Flight-Delayed's Guide to Backpacking in Vietnam

Wednesday, August 31, 2016

It is quickly becoming the tourist destination of Southeast Asia and the number of the visitors entering the country is growing year on year. As it stands, Brits make over 200,000 visits to Vietnam each year with a large number of those being backpackers. 
Brits are becoming increasingly canny about where to travel, researching things such as exchange rates and cost of living in the countries they travel to.
You’ve just landed in Vietnam and the only thing you have access to is this blog. So we hope This guide can be of assistance. Here is the Flight-Delayed guide to backpacking in Vietnam.


This is important for any trip and we have covered it aplenty in the previous post. In  terms of clothing, though, lightweight washable cotton garments will do the trick. It is warm and dry for most of the except in monsoon season but the climate does vary somewhat from North to South.

On arrival:

Depending on which part of the Vietnam you are starting your backpacking journey, your first major indulgence will probably come from either Hanoi or Ho Chi Minh city. Take a moment and soak in your surroundings. One of the first things that will grab your attention by the throat is the swarm of scooters zipping around. This is the land of the scooter of that there is no doubt.
Get lost and watch the people. Time people watching is not time wasted. Know the people and you will know the place. It is common that the locals might be as open to tourists as they are in other countries but don't let that put you off. The tourism industry is growing and fast becoming an important part of the country's economy. Just have your wits about you, as scams or also prevalent.
Getting there should be fairly cheap depending on how long you are prepared to wait on the layover. A flight with only one stop and the shortest travelling time of 16 hours would cost you £511 with Etihad from London Heathrow to Ho Chi Minh City.


You've travelled halfway around the world and I bet you've not had a decent bite to eat in hours. Well, you're in luck, the Vietnamese food market is possible the best in Southeast Asia. It is truly the best way to get a ‘taste’ of Vietnam, but also the best way for your palate to explore the world you inhabit.
Unlike some other countries you might visit it is encouraged to try the street food. Rice noodles are a particular favourite. Another thing to try is the coffee, it will be served in a small cup and tastes, unlike coffee from anywhere else. It is certainly an acquired taste but you never know you might love it. One thing to steer clear of is the local beers. It will be used in an attempt to lure you into restaurants but there is no polite way to describe the taste so we advise staying away from it.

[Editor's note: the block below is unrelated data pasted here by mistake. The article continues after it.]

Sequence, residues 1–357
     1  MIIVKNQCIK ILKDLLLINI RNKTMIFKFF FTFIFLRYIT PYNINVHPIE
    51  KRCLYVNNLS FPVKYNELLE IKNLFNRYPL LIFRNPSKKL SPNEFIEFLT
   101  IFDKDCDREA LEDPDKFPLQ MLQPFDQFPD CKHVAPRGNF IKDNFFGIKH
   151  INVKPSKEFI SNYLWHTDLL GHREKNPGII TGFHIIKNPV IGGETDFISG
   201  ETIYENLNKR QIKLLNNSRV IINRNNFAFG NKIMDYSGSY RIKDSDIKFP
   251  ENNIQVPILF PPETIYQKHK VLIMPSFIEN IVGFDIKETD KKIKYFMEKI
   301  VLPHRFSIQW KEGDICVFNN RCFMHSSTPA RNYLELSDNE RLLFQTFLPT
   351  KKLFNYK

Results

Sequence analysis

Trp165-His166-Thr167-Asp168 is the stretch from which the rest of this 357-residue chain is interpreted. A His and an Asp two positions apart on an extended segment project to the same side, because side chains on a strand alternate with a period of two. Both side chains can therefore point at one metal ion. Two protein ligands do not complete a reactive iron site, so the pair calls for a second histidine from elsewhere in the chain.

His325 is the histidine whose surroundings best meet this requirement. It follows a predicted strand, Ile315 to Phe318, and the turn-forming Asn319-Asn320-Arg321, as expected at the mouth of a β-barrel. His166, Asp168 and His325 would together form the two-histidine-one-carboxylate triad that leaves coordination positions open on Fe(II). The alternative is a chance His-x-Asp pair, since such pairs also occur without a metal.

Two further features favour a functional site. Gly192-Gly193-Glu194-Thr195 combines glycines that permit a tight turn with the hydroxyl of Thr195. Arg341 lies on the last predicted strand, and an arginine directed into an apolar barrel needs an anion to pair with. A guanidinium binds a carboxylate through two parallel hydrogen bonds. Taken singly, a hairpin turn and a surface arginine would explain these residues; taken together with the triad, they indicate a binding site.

You may well have just stepped off one plane and straight onto another and hopefully, your flight was not delayed. Because Vietnam’s other modes of transport as a rule of thumb are slow and Vietnam Airlines connects to most major cities and places of interest it's easier and quicker to fly.
There are buses and trains however if flying is not for you. The buses tend to run by private operators, they can be quite good but are more often than not packed to the rafters making for bad travel conditions.
As for the trains, Vietnam trains connects the main cities but are slow and not up to international standards so make sure you have plenty of leigh way at the other end. Oh, and a handheld fan as only a few trains will have air conditioned cabins.
If the public transport is not for you and you’re not in a rush then rent a motorbike and zip from one end of the county to the other and in the process take in the beautiful Vietnamese countryside. Be safe though and wear a helmet. Remember what we said about being airlifted.
The best time to travel to Vietnam is spring February to April and autumn August to October. It is at these times you will experience more moderate temperatures and lighter rainfall. Making backpacking through Vietnam more pleasant.
If you're a British national then you can travel for 14 days without a visa but any longer than that will require one. For more information visit the

Places to stay:

The country has slowly opened its doors to tourism and a large number of tourist backpacking. Due to that, you will not be short of somewhere to rest your well-travelled head. All over the country, you should find a range of places to call home for the night and the bonus is it should be cheap as well. Depending on the type of traveller you are, there will be much to satisfy your comfort needs. Well, reviewed hostels start at around 11 quid a night but if you're after a few more amenities then there are plenty of hotels ranging from £30 per night to £199. Some research prior to going could be the key to luxury on a budget as there are some real gems of hotels out there.

The water:

The water is not safe for consumption. If you do find yourself forgetting that, there are hospitals in every major city. If you are unfortunate enough to need airlifting to a hospital it is going to get costly. Make sure you're fully comprehensively insured as most doctors will not start treatment until you lace their palms with silver. Also, make a trip to your GP before you go if you haven't already, to get all the required shots.
As always when you travel be sensible and trust yourself. If it doesn't feel right don't do it.
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